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How to Plant a Fall Garden


There’s something so invigorating about getting my hands dirty in the garden. It’s become a part of my (almost) daily routine and the kids love helping too. Not only does it help reduce stress and improve the immune system, but I get tasty, healthy veggies too. Gardening doesn’t have to be relegated to summer crops though. Here’s how to extend your growing season with fall gardening!

Growing Summer Crops

When you think of a veggie garden you likely picture watering zucchini and cucumbers in the summer heat. Seeds get their start in late spring depending on your climate and what’s growing. And then by autumn, after all that summer squash has turned into zucchini bread, it’s time to call it quits.

You don’t have to wait until next year to grow more plants though! Certain veggies and herbs will also grow into the cool seasons of fall and winter.

Benefits of a Fall Vegetable Garden

Our family tries to eat seasonally as much as possible. This means cold slices of watermelon in the summer heat and pumpkin pie in October. There are some plants that grow well (or even better) in cooler weather. For example, spinach grows great in the early spring and fall. Once summer hits though, it can bolt and become practically inedible.

Fall gardening certainly has its benefits. In the summer I try to tend my vegetable garden in the early morning to avoid the heat. Fall crops grown in cooler temperatures don’t have that problem. They also experience fewer pests and weeds than summer season vegetables. Not only do certain plants grow better in cooler weather, but they taste better too.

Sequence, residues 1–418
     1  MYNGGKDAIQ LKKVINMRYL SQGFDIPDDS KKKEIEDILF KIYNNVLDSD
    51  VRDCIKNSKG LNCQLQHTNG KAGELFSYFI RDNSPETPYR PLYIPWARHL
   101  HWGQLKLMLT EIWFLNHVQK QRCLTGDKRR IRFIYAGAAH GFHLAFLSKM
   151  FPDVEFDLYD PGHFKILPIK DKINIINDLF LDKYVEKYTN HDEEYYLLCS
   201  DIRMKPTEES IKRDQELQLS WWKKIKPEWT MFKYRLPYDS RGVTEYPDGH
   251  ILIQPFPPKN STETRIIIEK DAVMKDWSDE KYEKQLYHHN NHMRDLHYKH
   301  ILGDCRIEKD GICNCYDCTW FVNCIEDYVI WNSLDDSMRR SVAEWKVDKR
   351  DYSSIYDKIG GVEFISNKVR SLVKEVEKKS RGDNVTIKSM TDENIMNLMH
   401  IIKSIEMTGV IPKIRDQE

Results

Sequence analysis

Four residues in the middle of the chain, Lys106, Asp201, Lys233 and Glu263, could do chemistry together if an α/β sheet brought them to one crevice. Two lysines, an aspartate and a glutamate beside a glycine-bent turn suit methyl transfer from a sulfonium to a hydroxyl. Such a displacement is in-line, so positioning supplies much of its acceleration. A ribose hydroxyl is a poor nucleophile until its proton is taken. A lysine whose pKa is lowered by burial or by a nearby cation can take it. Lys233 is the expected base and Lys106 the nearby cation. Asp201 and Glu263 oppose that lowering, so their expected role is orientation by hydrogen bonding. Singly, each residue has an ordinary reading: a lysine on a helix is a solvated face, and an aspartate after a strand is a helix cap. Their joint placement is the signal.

Veggies like Brussels sprouts and kale produce more sugars after a frost. The result is sweeter vegetables. Dandelions are another plant that’s sweeter in the fall months, which is an ideal time to harvest them for dandelion root tea.

List of Plants to Grow in a Fall Garden

If you want to start a fall garden, the first step is to decide what you want to (and can) grow. You’ll want to pick plants that have a shorter growing season or are specifically listed as fall vegetables. The best vegetables are frost-tolerant and stand up to colder weather. Certain plants, like spinach, do well with a fall planting and can overwinter.

Here are some plants that do well in a fall garden:

  • Beets
  • Radishes
  • Brussel sprouts
  • Collards
  • Swiss chard (protect from frost)
  • Kale
  • Turnips
  • Arugula
  • Spinach
  • Bush beans (will need grown before or protected from frost)
  • Mustard greens
  • Lettuce
  • Carrots
  • Parsnips
  • Broccoli
  • Kohlrabi
  • Asian greens
  • Peas

Herbs and Flowers for a Fall Garden

Herbs not only make for tasty dishes, but they’re also good companion plants for your veggies. You’ll find basil nestled in between my tomato plants and nasturtiums bordering my squash. Some herbs and flowers have a short growing season, but some will last in cool weather.

Another tip is to plant your herb garden in pots so they can come inside for the coldest months. Herbs that are annuals in some climates can be grown as perennials with a little care. Many pollinators rely on these plants to give them the nutrients they need before winter migration or hibernation.

Here are some herbs that grow well in a fall garden:

  • Parsley
  • Chervil
  • Rosemary
  • Sage
  • Chives
  • Thyme
  • Mint
  • Lavender
  • Cilantro
  • Marjoram

Flowers: